We arrived in the evening and I decided to get a haircut and a massage before dinner: forgetting two things- Korean’s struggle at cutting curly hair and I can hardly bear Korean massages (although I do feel wonderful afterwards). Anyway I ended up with a bad haircut and a few bruises before dinner. She also decided my haircut came with a close shave and managed to cut me a few times. Apparently it’s my fault- according to the barber i’m literally thin-skinned.
As it was the last night we enjoyed a few drinks over dinner before the local waitresses invited me to join their performance for a group of Chinese in town for hot spa treatments. I was told no need to pay and was promptly mobbed by the waitresses and Chinese tourists alike. The waitresses having never seen a westerner before and the Chinese wanting a picture of themselves with the Westerner in the DPRK. One rather intoxicated Chinese gentleman didn’t like that no one would accept any money from me and tried to insist to me in broken English that I pay some one but eventually gave up and went to sleep at a table leaving me free to dance with the locals. In the end I was in such a good mood they even persuaded me to sing for everyone which was probably a shock to their systems (as I mentioned earlier i’m not a great singer). Finally we retired to bed after I took a photo with all the wait staff which apparently I have to bring a copy of for each of them next time.
Sadly the last day for us but also for me the most exciting day. (Night 2 and 4 were my favourite moments though!) As the first Westerner in both Hyeryong and Onsong County everything seemed new. We went first to the Statue of Kim Jong Suk to pay our respects and then visited her native home with an excellent local guide who explained everything in great detail. We didn’t have time to see the revolutionary museum there as we had opted to see the local library instead, which was a treat. Hyeryong being freshly opened it’s still a little short on sites, but we’re working with the guys at Chilbosan and hope to announce some exciting new places there very soon.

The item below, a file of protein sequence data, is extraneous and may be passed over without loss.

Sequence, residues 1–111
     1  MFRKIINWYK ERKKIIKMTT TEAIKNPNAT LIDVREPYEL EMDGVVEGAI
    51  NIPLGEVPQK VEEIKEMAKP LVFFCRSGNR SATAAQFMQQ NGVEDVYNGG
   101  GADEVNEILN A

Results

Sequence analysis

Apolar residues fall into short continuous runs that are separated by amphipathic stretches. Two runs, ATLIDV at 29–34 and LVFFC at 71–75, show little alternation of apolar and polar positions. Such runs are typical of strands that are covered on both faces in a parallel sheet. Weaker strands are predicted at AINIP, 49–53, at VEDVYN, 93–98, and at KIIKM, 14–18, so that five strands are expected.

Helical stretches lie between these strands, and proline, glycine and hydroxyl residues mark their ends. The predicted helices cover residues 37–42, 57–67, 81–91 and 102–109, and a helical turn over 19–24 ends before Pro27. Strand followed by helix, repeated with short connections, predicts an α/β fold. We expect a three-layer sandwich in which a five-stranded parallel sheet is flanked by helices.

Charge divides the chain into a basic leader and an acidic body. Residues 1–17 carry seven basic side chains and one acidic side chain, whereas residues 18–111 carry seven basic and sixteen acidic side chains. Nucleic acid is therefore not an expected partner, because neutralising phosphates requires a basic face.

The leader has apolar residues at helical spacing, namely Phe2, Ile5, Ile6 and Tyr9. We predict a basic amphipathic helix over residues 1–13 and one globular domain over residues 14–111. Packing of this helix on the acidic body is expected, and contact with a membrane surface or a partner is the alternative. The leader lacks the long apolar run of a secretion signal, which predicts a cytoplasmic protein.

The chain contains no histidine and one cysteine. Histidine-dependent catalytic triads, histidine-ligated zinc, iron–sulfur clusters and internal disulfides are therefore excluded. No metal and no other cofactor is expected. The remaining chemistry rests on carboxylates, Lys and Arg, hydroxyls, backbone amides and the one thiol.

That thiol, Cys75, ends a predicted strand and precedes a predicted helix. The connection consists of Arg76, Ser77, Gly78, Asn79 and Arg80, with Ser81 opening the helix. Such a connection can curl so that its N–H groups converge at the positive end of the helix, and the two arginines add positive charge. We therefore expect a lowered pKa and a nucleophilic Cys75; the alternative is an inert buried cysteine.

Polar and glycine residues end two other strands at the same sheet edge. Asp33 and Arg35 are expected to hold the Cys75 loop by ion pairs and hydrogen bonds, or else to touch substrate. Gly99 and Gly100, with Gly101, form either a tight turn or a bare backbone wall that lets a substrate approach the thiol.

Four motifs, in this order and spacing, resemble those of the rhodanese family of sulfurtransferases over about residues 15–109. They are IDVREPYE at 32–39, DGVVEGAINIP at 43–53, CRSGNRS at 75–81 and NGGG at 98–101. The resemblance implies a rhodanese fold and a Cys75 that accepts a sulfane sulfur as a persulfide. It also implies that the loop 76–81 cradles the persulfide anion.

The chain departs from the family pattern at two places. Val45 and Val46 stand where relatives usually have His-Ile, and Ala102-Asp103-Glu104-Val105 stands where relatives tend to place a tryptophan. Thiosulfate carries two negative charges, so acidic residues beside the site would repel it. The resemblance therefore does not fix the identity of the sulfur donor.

We then headed to Onsong County- population about 70,000 and famous for it’s rice. At Onsong we saw the Mt Wangjae Grand Monument which is surprisingly massive, and the revolutionary museum there. We then went to the local branch of the Chilbosan travel company’s restaurant where we ate in the managers office due to the restaurant being enormous and therefore cold. I enjoyed looking around the office as much as I did the food! After lunch we sat down to talk business and swapped suggestions for locations and ways to improve current places in the future so stay tuned as we intend to announce some exciting stuff in the area over the coming months!
Finally it was time to go back through the ardor of customs and say our goodbyes. At the end was one last little odd moment, a Chinese trader offered to drive us offer the bridge, he had his windows down and stereo up and when he started the car a Chinese radio station came on playing Gangnam Style in the middle of Namyang customs. Just caught me as a little bizarre. None of the Koreans seemed to react though.
All in all, it was one of the most interesting trips i’ve had out of all my DPRK trips and it was pretty fun to break new ground! For some reason too the DPRK customs stamped my passport 4 times, which is a little unusual but nice to have! The staff at the local travel company were amazing and really made us feel welcome, and we hope to take some of you there with us to experience a little more real life in the DPRK.